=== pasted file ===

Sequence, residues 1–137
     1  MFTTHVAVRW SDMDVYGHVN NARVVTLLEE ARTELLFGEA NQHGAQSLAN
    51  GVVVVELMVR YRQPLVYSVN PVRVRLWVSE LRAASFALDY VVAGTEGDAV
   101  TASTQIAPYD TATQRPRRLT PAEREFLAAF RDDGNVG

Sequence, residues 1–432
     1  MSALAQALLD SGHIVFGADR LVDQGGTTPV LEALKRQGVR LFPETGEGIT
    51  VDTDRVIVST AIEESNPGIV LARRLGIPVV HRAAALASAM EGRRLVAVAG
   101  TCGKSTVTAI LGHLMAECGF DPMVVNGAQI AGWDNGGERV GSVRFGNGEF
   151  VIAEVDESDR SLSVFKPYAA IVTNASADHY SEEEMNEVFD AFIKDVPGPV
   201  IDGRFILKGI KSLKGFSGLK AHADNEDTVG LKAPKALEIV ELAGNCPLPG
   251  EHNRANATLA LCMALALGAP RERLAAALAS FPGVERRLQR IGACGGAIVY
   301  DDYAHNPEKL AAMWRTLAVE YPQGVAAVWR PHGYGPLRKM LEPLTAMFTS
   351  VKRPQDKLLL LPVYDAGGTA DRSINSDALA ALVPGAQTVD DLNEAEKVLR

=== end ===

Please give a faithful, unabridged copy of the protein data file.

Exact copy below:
Sequence, residues 1–137
     1  MFTTHVAVRW SDMDVYGHVN NARVVTLLEE ARTELLFGEA NQHGAQSLAN
    51  GVVVVELMVR YRQPLVYSVN PVRVRLWVSE LRAASFALDY VVAGTEGDAV
   101  TASTQIAPYD TATQRPRRLT PAEREFLAAF RDDGNVG

Sequence, residues 1–432
     1  MSALAQALLD SGHIVFGADR LVDQGGTTPV LEALKRQGVR LFPETGEGIT
    51  VDTDRVIVST AIEESNPGIV LARRLGIPVV HRAAALASAM EGRRLVAVAG
   101  TCGKSTVTAI LGHLMAECGF DPMVVNGAQI AGWDNGGERV GSVRFGNGEF
   151  VIAEVDESDR SLSVFKPYAA IVTNASADHY SEEEMNEVFD AFIKDVPGPV
   201  IDGRFILKGI KSLKGFSGLK AHADNEDTVG LKAPKALEIV ELAGNCPLPG
   251  EHNRANATLA LCMALALGAP RERLAAALAS FPGVERRLQR IGACGGAIVY
   301  DDYAHNPEKL AAMWRTLAVE YPQGVAAVWR PHGYGPLRKM LEPLTAMFTS
   351  VKRPQDKLLL LPVYDAGGTA DRSINSDALA ALVPGAQTVD DLNEAEKVLR